When a heat exchanger is cleaned the expectation should be that it will now deliver the maximum possible heat duty. But an evaluation of most post-clean operation will show that the cleaned heat exchanger is delivering only about 85% of what should be the clean heat duty.
For critical heat exchangers which impact process performance or energy consumption, that remaining 15% could translate to large losses. To get to clean performance the foremost thing to consider is the cleaning method – is it the best, optimum, most cost-effective for a given heat exchanger? Heat exchanger specialists at Becht can help you identify the most effective cleaning method for a specific service and quantify the associated benefits.
Hydroblasting – The use of high-pressure water jets to force fouling off both the inside and outside surfaces of tubes – has been used as the default method for many decades. This process is labor intensive and an HSE risk unless robotic cleaning is used. Because it depends on labor, it can be low cost in some parts of the world but very high in others. The effectiveness of this method is around 85%. The low effectiveness is mostly a result of the pressure of the water jets not being able to reach deep into the shellside, all around the tubes, and around U-bends on the inside of the tubes.
Chemical cleaning – The circulation of a water or oil-based chemical – is practiced around the industry with varying procedures and degrees of success. This method is equivalent to hydroblasting for cleaning effectiveness, but usually less effective because adequate procedures are not followed. You can expect a cleaning effectiveness anywhere between 30-85% based on the cleaning procedure. One benefit of this method is that the circulation is carried out in-situ, that is, it doesn’t require opening up the heat exchanger. Another is that multiple heat exchangers can be hooked-up to the circulation simultaneously, so the overall time and labor is reduced. With multiple heat exchangers, the cost is equivalent to hydroblasting on a per heat exchanger basis.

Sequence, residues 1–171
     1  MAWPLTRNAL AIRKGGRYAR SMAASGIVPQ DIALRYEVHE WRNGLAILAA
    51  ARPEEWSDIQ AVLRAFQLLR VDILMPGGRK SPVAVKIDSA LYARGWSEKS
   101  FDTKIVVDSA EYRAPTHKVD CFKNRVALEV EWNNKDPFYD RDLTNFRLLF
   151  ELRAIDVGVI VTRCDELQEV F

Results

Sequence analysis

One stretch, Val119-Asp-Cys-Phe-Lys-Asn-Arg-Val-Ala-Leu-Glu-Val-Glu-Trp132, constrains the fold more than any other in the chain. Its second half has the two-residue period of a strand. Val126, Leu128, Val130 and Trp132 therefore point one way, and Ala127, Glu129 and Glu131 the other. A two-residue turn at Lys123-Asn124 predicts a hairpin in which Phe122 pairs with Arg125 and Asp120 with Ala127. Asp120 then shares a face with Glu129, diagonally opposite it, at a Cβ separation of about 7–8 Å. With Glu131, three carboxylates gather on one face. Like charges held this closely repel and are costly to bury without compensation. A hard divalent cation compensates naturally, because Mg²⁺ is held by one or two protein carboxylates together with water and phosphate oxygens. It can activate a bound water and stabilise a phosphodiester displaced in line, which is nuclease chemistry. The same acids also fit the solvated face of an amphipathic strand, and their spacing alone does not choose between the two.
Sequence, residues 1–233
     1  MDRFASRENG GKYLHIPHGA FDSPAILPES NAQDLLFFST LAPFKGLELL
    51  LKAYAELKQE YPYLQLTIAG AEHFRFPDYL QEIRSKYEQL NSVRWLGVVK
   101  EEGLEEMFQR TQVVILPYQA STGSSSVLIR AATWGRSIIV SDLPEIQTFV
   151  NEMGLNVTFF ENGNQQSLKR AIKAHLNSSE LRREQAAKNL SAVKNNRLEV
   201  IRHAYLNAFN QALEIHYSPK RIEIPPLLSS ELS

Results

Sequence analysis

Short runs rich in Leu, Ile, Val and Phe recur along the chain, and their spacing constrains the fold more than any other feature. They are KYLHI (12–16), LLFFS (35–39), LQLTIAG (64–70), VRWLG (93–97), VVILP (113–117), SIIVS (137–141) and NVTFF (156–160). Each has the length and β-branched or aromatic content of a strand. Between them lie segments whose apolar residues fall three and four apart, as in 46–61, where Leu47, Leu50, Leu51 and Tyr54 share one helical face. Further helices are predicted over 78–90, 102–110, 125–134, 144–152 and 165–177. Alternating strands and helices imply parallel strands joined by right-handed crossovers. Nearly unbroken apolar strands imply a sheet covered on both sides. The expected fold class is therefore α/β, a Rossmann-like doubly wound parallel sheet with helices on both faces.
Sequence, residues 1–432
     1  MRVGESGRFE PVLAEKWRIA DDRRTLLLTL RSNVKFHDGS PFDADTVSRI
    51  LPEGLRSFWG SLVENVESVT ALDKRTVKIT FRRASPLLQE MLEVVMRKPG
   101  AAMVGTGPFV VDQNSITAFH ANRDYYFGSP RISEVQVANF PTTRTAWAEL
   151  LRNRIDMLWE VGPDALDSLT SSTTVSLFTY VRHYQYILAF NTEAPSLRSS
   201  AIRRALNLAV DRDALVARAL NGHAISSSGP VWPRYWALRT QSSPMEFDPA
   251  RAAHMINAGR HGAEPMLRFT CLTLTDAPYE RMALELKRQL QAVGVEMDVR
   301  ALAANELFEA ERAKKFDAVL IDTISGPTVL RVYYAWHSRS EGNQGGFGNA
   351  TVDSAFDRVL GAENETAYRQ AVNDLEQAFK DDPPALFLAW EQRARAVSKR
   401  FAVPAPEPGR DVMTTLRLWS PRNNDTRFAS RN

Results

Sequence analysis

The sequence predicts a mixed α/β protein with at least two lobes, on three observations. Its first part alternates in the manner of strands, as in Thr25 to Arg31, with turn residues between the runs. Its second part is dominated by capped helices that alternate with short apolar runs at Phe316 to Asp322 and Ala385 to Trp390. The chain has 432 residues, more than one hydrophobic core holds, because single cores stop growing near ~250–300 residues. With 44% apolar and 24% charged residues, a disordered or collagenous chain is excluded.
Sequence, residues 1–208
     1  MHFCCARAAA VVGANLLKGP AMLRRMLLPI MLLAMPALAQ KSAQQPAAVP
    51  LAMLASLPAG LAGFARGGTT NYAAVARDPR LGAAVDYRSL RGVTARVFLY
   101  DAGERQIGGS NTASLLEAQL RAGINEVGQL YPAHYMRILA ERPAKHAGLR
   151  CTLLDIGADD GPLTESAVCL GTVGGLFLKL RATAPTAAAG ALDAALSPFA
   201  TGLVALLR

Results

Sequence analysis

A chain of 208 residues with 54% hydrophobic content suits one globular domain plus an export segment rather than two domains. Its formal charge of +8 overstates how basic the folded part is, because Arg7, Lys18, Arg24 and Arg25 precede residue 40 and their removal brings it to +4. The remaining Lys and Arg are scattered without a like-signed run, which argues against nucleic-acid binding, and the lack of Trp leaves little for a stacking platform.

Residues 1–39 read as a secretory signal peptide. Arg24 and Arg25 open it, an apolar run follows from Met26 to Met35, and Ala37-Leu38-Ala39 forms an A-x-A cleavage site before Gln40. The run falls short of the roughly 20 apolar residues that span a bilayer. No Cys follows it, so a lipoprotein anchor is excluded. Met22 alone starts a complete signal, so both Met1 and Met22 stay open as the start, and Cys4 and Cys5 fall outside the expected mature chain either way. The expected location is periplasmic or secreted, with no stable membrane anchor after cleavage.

Thermal cleaning – Thermally decomposing organic material releasing pyrolysis gasses and leaving behind a coke-like residue – can be up to 100% effective, if the foulant is mostly organic. This method requires the insertion of the tube bundle into a high temperature oven. The reference below highlights the high effectiveness, safety, and low water consumption of the thermal cleaning method.
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Ultrasonic cleaning – Immersion of the tube bundle in a water bath where ultrasonic waves form cavitation bubbles and impact the surface to remove deposits – has proven to be near 100% effective in cleaning both organic and inorganic fouling. The bath can have a chemistry to dissolve the deposits or hold them in suspension and make them easy to remove. The high effectiveness, safety, low water consumption, and overall low cost of this method is highlighted in the two references below. The table, based on analysis of actual operating data, shows the roughly 15% average improvement in cleanliness compared to hydroblasting. It shows the ratio of the actual heat duty right after cleaning (Qa) to what should be expected from a clean heat exchanger (Qc), for eleven actual cases from oil refining.
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- Understanding The Value Of Cleaning – Gains From The Use Of Ultrasonic Cleaning
- Taking Safety To The Max : Eliminating Hydroblasting Risk
Data courtesy of Clean As New, www.cleanasnew.com
Shown below is a qualitative representation of the cost and effectiveness of three cleaning methods I have experienced.. In summary, chemical cleaning has a wide range of cost and effectiveness; Hydroblasting is about 85% effective with costs varying mainly based on location; and Ultrasonic cleaning gives the best cleaning at costs similar to Hydroblasting or cheaper.